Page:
Marine Wildlife Encyclopedia
Saltwater Crocodile Crocodylus porosus
Also known as the estuarine or Indo-Pacific crocodile, this formidable predator is the world’s largest reptile, and is also one of the few crocodilians that frequently swims far out to sea. Its power and ferocity are legendary, and it is thought to be responsible for more than 1,000 human deaths a year. The saltwater crocodile has powerful jaws housing teeth up to 5 in (13 cm) long. Its immensely tough skin is covered with thick scales. The scales on its back are armored with bony deposits called osteoderms, while its tail has a double row of upright bony plates (scutes). Its nostrils close when it dives, but it cannot exclude water from its mouth. Instead, it has a valve at the entrance to its throat, which opens only when it swallows food.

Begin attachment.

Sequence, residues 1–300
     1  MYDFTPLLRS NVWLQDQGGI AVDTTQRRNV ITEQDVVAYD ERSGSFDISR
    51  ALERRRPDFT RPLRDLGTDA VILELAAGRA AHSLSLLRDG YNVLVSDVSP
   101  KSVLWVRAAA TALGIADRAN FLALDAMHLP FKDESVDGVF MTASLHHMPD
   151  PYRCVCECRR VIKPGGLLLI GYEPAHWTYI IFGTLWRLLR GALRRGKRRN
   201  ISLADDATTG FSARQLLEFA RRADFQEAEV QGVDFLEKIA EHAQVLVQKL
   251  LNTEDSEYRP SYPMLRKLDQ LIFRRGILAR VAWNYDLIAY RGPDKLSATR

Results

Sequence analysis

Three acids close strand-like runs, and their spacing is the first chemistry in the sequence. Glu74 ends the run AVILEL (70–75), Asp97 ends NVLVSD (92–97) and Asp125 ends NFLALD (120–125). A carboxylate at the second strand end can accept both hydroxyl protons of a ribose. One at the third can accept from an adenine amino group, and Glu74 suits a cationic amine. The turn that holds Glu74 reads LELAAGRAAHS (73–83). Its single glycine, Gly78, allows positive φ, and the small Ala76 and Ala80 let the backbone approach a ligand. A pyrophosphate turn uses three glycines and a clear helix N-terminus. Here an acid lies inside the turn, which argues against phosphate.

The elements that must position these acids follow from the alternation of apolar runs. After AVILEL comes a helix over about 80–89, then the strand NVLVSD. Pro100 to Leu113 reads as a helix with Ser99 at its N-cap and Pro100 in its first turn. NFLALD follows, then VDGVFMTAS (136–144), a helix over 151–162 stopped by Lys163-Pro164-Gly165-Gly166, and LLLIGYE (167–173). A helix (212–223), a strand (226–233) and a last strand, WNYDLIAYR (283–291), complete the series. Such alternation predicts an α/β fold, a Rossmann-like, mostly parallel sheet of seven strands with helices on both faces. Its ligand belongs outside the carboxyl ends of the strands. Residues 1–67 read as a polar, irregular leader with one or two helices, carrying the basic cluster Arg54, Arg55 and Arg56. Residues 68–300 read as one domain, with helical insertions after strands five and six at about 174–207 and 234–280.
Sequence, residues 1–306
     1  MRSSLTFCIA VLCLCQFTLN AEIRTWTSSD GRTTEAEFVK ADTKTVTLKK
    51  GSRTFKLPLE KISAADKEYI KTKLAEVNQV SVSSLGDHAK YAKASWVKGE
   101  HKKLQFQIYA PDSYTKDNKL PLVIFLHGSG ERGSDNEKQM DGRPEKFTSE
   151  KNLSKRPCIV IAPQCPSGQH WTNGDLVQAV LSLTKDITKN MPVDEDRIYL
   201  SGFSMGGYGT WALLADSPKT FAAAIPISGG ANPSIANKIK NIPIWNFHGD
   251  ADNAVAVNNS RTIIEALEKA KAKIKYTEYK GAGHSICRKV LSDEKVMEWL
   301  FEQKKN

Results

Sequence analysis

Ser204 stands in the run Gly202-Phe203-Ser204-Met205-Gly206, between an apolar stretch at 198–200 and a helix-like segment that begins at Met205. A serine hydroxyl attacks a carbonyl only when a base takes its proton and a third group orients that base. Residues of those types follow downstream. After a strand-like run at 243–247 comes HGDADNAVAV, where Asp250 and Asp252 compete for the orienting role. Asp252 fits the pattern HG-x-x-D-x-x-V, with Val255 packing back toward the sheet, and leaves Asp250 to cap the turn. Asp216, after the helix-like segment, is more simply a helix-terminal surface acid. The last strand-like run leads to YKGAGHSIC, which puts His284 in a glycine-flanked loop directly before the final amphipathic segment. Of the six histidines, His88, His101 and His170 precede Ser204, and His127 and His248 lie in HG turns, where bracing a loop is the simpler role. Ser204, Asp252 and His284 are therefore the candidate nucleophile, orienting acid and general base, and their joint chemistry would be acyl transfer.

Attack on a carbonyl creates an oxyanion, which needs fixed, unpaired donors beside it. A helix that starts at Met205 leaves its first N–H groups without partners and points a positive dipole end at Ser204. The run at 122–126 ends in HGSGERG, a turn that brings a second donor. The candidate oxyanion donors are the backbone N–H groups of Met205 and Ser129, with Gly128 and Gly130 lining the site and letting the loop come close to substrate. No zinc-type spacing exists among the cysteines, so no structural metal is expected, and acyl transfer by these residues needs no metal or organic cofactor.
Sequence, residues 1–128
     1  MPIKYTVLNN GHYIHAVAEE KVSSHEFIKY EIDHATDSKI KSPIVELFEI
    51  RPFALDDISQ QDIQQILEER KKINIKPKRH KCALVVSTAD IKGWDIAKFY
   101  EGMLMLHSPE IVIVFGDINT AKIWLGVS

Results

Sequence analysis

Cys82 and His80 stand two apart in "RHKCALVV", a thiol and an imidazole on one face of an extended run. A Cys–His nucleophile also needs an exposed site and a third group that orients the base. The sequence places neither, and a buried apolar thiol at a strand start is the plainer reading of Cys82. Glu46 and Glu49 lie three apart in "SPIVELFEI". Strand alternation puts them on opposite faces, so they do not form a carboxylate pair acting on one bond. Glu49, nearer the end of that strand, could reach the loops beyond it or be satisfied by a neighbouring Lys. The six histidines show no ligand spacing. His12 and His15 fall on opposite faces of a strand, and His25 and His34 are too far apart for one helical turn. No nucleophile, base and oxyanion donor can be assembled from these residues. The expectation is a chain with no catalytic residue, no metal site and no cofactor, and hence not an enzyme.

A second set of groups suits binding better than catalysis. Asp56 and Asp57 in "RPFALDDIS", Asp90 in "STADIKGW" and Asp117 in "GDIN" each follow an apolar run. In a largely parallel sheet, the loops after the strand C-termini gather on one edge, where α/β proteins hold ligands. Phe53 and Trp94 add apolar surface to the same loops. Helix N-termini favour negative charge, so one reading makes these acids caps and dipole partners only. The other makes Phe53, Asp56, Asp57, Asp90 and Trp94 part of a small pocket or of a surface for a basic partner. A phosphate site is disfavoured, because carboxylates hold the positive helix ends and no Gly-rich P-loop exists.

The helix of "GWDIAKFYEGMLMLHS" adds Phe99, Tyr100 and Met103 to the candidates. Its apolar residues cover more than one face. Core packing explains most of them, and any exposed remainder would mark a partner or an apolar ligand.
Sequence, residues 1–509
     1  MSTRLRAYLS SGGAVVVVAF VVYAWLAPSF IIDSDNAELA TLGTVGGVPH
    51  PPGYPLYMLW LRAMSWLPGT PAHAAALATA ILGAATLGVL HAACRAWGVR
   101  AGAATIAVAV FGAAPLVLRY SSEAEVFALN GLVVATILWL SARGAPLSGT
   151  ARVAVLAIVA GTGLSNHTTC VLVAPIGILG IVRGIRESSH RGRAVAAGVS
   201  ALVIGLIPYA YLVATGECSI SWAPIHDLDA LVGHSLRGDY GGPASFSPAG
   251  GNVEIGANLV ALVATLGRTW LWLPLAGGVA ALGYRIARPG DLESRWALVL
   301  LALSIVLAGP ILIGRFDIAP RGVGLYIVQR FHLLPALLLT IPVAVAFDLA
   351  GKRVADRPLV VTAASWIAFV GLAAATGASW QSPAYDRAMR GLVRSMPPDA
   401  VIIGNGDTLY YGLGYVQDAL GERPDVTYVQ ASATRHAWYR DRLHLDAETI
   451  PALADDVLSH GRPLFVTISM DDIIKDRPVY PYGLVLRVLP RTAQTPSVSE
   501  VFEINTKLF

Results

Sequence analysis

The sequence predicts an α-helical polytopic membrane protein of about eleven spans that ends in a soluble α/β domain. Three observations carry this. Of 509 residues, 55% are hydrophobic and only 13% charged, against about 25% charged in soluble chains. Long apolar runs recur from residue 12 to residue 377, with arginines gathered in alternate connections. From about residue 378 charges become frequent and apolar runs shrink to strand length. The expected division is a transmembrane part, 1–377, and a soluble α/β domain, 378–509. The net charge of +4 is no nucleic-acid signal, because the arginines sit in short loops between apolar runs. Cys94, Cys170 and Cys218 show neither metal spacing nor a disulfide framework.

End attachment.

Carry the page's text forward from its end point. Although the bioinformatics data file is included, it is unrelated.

It controls its body temperature by cooling down in water and warming up in the sun. Like other large crocodiles, the saltwater crocodile hunts by stealth, lurking close to the shore, hiding beneath the water with little more than its eyes and nose visible. When an animal comes within range, it bursts out of the water with explosive force, grabs its victim, and then drags it under until it drowns. Crocodiles cannot chew their food—instead, they tear it to pieces, digesting scales, skin, and even bones. Their natural prey includes birds, fish, turtles, and a wide variety of mammals, such as wild boar, monkeys, horses, and water buffalo. Females lay up to 90 eggs in a waterside mound, carrying their young to the water when they hatch. Saltwater crocodiles are hunted in many parts of their range, making large specimens rarer than they once were.